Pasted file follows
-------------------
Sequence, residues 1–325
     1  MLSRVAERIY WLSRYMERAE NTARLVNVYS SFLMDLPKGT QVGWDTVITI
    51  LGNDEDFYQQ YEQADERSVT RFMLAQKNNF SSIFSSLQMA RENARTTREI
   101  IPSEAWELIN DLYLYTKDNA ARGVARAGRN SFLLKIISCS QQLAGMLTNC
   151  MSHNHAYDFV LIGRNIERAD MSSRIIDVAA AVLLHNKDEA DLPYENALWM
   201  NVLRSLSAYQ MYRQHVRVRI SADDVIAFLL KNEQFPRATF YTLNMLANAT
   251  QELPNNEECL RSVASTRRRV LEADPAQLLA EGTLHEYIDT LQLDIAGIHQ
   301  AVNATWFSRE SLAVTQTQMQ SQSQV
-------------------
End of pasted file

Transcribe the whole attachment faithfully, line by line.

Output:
Sequence, residues 1–325
     1  MLSRVAERIY WLSRYMERAE NTARLVNVYS SFLMDLPKGT QVGWDTVITI
    51  LGNDEDFYQQ YEQADERSVT RFMLAQKNNF SSIFSSLQMA RENARTTREI
   101  IPSEAWELIN DLYLYTKDNA ARGVARAGRN SFLLKIISCS QQLAGMLTNC
   151  MSHNHAYDFV LIGRNIERAD MSSRIIDVAA AVLLHNKDEA DLPYENALWM
   201  NVLRSLSAYQ MYRQHVRVRI SADDVIAFLL KNEQFPRATF YTLNMLANAT
   251  QELPNNEECL RSVASTRRRV LEADPAQLLA EGTLHEYIDT LQLDIAGIHQ
   301  AVNATWFSRE SLAVTQTQMQ SQSQV